While I was working on a family cookbook for Slow Food USA, one of my favorite recipes we developed was for homemade tamales. Tamales—perfect little packages of deliciousness—are an easy food to love and an easy food to share.
Tamales aren't difficult to make, but they do require a little time and effort, and a whole lot of love. The key is to rope family or friends into the process and get a little assembly line going; one person spreading the dough, one adding the filling, one doing the folding, and one tying them up. And, while you're at it, why not pour some margaritas and make it a party?
Making tamales (sans margaritas) is a great project to do with kids, since you're essentially playing with dough. Everyone can get their hands dirty, and everyone has a job to do.
The masa de maíz, or corn dough, is made from hominy--dried corn kernels that have been soaked and cooked in limewater to loosen the hulls and soften the corn. The process, called nixtamalization, causes a series of chemical reactions that allow the dough to hold together, and allows nutrients to be released from the corn. The method, along with tamales, originated in Mesoamerica, where maíz was first cultivated. Tamales were created for travel, made possible by their clever wrapping.
For these tamales, I use the traditional and the most flavorful source of fat: lard. You could use vegetable shortening, although lard, perhaps surprisingly, is the healthier option. I chose to fill these tamales with a savory blend of green chiles and cheese, but you could fill them with whatever you fancy. Pork in red chile or chicken in tomatillo salsa come to mind.
Now go grab a helper or two and roll up your sleeves!
Tamales with Green Chiles and Cheese
14 dried corn husks*
For the dough:
2 cups masa harina*
2 teaspoons salt, divided
3/4 cup lard (can substitute vegetable shortening)
1/2 teaspoon baking powder
1/2-1 cup chicken stock
For the filling:
8 ounces shredded cheese (such as Monterey Jack, Mexican Chihuahua)
Two 4-ounce cans mild green chiles, drained
*Available in Latin American grocery stores or online.
1. Soak the corn husks. Place the husks in a large bowl and cover with boiling water. Place a plate on the top of the husks to hold them down below the surface. Let soak for two hours.
2. Make the masa. Place the masa harina and one teaspoon of salt into a bowl. Stir 1½ cups hot water into the masa harina until the dough just comes together. Knead the dough briefly until the flour and water are thoroughly mixed. The dough should be springy and moist but not sticky.
3. Make the dough. Place the shortening, remaining teaspoon of salt and baking powder into the bowl of a stationary mixer fitted with the paddle attachment. Beat on medium-high speed until light and fluffy, about 30 seconds. Add the masa in four additions, beating well after each addition, until thoroughly combined. Reduce the speed to medium-low and add the stock. Whip the masa on medium-high until it is fluffy, about a minute. The dough should have the consistency of humus or thick cake batter. The dough is ready when a small piece floats in a glass of cold water. If it doesn’t float, add a little more shortening and stock and continue beating for another minute.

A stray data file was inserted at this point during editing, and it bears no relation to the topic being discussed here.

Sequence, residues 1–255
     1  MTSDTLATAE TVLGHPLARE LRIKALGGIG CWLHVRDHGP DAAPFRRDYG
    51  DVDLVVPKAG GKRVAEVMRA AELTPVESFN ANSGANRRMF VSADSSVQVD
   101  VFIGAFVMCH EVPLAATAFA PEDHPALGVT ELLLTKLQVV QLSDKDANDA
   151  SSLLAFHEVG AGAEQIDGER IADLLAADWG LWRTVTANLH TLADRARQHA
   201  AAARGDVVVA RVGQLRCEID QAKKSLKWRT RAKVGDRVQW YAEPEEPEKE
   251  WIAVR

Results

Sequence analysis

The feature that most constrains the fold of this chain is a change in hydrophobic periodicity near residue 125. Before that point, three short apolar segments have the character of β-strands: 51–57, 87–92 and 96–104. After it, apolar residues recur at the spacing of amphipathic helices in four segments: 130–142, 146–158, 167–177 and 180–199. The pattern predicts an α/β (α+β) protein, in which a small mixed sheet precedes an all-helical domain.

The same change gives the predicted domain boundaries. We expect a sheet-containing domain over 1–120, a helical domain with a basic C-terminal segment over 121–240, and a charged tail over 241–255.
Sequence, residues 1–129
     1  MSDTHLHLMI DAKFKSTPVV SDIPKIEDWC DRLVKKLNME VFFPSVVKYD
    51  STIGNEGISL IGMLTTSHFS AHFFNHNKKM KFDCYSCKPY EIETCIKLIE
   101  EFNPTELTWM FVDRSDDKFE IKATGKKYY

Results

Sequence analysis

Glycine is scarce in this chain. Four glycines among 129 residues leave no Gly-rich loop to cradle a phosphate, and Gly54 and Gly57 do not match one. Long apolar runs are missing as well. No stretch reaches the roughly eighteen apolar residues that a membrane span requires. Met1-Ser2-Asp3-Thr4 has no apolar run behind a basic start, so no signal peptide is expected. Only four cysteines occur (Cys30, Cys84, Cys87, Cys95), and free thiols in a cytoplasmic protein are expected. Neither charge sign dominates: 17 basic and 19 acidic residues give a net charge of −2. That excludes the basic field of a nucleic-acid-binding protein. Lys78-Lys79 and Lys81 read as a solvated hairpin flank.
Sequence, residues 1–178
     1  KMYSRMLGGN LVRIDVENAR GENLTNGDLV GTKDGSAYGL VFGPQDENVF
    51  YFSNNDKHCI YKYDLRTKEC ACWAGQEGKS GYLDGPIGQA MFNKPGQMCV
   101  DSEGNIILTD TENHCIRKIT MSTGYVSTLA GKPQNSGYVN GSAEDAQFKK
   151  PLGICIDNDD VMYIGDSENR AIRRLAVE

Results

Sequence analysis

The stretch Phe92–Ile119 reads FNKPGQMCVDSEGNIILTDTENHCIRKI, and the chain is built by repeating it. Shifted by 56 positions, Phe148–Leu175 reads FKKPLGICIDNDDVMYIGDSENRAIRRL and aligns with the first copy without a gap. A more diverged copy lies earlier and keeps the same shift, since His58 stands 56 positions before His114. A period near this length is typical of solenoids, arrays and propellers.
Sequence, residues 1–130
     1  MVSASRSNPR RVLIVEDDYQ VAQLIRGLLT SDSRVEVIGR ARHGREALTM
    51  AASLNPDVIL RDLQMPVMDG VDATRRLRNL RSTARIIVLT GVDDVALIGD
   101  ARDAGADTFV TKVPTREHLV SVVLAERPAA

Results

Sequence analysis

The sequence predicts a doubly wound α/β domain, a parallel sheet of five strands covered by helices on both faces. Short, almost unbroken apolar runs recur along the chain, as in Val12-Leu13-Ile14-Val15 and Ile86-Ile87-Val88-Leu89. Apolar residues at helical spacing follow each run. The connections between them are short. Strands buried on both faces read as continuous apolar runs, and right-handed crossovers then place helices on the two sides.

4. Make the filling. Stir together the cheese and chiles in a bowl. Set aside.
5. Make the tamales. Tear one or two cornhusks into long, 1/4-inch wide strips to make ties for the tamales. Set aside. Place a husk, smooth side up, with the tapered end toward you on a work surface. Blot extra water with a clean dish towel. Spread 1/4 cup of the dough into a 4-inch square in the middle of the husk, leaving a 1/2-inch border on the top. Spread a heaping tablespoon of the filling in a line down the middle of the dough. Bring together the two long sides of the cornhusk so that the dough surrounds the filling. Roll up the sides of the cornhusk. Fold up the bottom (the tapered end) of the cornhusk and secure it in place by tying it with a prepared strip of husk. The top should remain open.
6. Cook the tamales. Put a steamer basket in a pot with water filled to the bottom of the basket. Place each tamale inside the pot with the bottom (folded) side down and the top (open) side up. (If the tamales don’t take up the entire steamer, make a loose ball of aluminum foil or insert an inverted heatproof glass jar to fill the open space and keep the tamales from falling over.) Cover the pot with a tight-fitting lid and bring the water to a boil. Reduce heat and simmer until the tamales are firm and cooked through, about 45 minutes. Check periodically to see if more water is needed for the steamer.